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Logo of nihpaAbout Author manuscriptsSubmit a manuscriptHHS Public Access; Author Manuscript; Accepted for publication in peer reviewed journal;
 
Cancer Epidemiol Biomarkers Prev. Author manuscript; available in PMC 2010 March 1.
Published in final edited form as:
PMCID: PMC2745842
NIHMSID: NIHMS105029

Trends in Colorectal Cancer Screening Utilization among Ethnic Groups in California: Are We Closing the Gap?

Abstract

Background

Given the low prevalence of and racial/ethnic disparities in colorectal cancer (CRC) screening, it is important to monitor whether prevalence and disparities are increasing or decreasing over time.

Methods

We estimated the prevalence of CRC screening by year (2001, 2003 and 2005), modality (endoscopy, fecal occult blood test, either) and recency (ever had, up-to-date) for the California population as a whole, major racial/ethnic groups (White, Black, Latino, Asian), and selected Asian subgroups (Chinese, Filipino, Japanese, Korean, Vietnamese) using data from the California Health Interview Survey. All prevalence estimates were age- and gender-standardized.

Results

Between 2001 and 2005, prevalence of up-to-date screening increased significantly among Whites and Latinos but not among Blacks and Asian Americans. Screening prevalence varied substantially among Asian subgroups, with Korean, Filipino and Vietnamese Americans having the lowest prevalence. Korean Americans were the only group in the analysis with a significant decline in screening prevalence between 2001 and 2005. The gap between the highest and lowest up-to-date screening prevalence using any screening modality, exhibited by Japanese and Korean Americans, increased from 18% in 2001 to 30% in 2005.

Conclusions

Findings suggest that we need to intensify efforts to increase colorectal cancer screening, especially among Korean Americans but also among Filipinos, Vietnamese and Latinos.

Keywords: colorectal cancer screening, ethnic disparities, Asian subgroups, California Health Interview Survey

Introduction

Colorectal cancer (CRC) is the second leading cause of cancer deaths in the United States (1). According to the U.S. Preventive Services Task Force, routine screening of all men and women aged 50 years or older could reduce CRC deaths by 15% to 59% (2, 3). CRC screening is unique in that two different types of screening tests are recommended: fecal occult blood test (FOBT), a take-home test in which the patient applies small amounts of stool onto a card and returns the card to the provider for analysis, or endoscopic exams (colonoscopy and sigmoidoscopy), which are invasive, time-consuming procedures that must be performed by a health professional. Colonoscopy is becoming the test of choice in the general population and in minority groups (4,5), although primary screening through FOBT would be much cheaper on a population basis (6).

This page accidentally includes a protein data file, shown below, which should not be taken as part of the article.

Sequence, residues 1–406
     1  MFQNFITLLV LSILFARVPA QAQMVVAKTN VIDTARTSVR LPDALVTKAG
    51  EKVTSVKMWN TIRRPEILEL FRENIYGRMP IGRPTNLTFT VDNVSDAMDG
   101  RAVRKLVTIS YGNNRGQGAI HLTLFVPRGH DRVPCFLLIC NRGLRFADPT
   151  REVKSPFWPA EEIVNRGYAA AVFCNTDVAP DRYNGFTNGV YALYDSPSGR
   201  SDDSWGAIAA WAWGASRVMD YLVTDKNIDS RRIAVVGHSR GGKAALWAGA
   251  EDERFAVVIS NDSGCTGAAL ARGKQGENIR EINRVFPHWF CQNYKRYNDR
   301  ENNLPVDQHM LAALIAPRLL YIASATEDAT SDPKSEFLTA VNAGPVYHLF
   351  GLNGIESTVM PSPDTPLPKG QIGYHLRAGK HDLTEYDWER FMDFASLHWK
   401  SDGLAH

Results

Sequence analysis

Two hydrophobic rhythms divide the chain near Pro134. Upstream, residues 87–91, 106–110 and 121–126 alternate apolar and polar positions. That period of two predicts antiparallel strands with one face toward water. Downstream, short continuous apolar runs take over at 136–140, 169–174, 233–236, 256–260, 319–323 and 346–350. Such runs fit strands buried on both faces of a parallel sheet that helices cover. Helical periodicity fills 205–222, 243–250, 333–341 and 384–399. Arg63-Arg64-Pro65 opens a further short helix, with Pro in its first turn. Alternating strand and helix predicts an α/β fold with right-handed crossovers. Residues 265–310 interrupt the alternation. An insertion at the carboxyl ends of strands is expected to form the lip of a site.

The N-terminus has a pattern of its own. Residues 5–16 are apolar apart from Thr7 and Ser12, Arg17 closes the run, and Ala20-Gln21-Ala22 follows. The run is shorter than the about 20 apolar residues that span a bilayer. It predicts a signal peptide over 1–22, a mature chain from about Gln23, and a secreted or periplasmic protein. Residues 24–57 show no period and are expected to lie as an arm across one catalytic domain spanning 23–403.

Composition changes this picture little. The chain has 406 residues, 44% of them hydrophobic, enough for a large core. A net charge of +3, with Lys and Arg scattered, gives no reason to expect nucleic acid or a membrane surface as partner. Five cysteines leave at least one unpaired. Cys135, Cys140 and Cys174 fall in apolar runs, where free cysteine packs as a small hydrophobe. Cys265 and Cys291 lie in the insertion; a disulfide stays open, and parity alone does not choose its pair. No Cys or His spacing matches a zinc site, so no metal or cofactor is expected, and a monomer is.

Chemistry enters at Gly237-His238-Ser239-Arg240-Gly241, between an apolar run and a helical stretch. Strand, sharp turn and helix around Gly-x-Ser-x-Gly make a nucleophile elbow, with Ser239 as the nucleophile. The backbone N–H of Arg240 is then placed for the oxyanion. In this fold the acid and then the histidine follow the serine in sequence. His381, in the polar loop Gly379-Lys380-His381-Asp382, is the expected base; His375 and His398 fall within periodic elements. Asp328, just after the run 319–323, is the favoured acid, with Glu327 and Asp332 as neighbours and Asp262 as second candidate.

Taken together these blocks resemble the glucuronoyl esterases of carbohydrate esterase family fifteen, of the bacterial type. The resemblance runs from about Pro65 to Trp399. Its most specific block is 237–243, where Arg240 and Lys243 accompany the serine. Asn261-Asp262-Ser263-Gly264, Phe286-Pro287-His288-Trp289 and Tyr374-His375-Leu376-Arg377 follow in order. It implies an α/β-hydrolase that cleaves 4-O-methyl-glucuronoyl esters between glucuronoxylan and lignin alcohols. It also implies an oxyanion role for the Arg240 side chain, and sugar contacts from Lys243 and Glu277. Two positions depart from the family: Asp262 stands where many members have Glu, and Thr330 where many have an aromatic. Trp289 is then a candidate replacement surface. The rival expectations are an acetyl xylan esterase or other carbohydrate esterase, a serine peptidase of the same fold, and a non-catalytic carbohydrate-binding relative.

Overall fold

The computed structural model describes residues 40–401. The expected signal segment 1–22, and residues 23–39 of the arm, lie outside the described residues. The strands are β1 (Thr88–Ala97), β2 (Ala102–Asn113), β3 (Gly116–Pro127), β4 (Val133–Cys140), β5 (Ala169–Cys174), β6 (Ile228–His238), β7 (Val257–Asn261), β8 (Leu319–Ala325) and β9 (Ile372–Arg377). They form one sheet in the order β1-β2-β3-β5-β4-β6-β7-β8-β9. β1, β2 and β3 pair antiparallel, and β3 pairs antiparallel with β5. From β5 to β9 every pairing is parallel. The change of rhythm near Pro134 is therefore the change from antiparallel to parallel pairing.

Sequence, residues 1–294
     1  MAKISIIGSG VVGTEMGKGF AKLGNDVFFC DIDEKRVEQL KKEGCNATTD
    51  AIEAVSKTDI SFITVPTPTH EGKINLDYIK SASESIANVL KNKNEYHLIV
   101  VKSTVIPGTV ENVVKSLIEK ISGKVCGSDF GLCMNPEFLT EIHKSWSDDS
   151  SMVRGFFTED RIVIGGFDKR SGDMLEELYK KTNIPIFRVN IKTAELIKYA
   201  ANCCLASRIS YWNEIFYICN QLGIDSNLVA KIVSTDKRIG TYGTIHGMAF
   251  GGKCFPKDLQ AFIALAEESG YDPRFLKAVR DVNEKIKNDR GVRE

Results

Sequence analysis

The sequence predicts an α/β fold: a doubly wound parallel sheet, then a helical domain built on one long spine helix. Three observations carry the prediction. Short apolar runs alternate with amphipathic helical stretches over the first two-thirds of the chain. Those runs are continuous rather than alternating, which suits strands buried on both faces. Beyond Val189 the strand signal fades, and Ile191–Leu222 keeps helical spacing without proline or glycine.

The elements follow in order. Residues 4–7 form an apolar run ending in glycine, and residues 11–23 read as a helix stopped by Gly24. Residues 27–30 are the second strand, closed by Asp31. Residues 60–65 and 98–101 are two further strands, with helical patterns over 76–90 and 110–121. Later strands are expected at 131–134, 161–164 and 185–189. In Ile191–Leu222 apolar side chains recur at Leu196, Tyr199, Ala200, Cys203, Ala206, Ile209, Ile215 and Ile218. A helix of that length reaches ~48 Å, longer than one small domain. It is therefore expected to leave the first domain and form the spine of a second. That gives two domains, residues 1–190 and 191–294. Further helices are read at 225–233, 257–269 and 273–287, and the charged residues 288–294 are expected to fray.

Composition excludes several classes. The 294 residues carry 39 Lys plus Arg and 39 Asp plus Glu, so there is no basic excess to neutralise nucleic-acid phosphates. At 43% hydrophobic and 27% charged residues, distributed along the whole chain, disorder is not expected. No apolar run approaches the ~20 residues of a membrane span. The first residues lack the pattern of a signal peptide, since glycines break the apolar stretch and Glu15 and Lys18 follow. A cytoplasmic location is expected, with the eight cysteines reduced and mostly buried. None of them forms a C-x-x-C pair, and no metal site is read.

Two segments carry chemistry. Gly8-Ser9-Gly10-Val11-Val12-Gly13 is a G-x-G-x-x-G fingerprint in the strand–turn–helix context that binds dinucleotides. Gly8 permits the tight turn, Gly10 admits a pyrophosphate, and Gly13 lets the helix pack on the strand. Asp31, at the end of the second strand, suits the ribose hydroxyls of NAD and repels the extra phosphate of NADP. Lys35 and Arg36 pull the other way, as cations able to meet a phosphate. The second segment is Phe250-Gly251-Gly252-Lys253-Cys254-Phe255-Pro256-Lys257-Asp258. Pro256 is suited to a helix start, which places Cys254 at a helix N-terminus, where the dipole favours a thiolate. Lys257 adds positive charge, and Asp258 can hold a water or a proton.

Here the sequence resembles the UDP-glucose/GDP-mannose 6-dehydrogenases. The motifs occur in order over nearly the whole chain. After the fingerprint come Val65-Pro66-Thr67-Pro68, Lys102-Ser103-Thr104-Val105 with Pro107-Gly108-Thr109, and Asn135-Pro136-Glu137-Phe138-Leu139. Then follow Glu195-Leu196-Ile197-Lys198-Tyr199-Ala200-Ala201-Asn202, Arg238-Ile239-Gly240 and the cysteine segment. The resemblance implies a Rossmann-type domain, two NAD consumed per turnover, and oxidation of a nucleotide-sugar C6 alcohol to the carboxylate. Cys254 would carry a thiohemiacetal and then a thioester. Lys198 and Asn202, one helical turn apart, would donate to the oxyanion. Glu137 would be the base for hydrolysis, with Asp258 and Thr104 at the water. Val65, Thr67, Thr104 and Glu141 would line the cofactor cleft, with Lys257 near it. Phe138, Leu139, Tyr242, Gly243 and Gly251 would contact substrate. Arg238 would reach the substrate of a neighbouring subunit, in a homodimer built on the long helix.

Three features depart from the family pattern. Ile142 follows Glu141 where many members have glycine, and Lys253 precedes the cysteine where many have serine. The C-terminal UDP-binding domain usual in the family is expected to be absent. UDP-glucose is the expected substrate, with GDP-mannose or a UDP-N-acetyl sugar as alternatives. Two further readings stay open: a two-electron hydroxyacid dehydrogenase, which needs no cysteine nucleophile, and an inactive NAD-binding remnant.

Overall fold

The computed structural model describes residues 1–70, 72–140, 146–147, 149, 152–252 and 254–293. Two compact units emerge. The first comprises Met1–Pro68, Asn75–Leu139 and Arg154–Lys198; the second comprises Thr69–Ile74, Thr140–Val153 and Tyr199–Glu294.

Despite the effectiveness of screening in decreasing both prevalence and incidence of CRC (by removing precancerous polyps), screening utilization is low. In 2005, only 56% of the population in California had received CRC screening according to the guidelines (7). Disparities in CRC screening prevalence exist, with nonwhite persons less likely to be screened than whites, both nationwide (4, 8, 9) and in California (5, 10).

Given the low prevalence and disparities in CRC screening, it is important to monitor trends in screening utilization to determine whether prevalence and disparities are increasing or decreasing over time. However, few studies have examined trends in CRC screening by ethnic group (11,12,13). To address this need, we compare trends in CRC screening from 2001 to 2005 by ethnic group using data from the California Health Interview Survey (CHIS). California data are especially suitable for such comparisons because of the state’s ethnically diverse population (43% White, 36% Latino, 6% African American, 12% Asian American and Pacific Islander (14). Our analyses estimate and compare trends for Whites, Latinos, African Americans and Asians, with Asians further disaggregated into subgroups.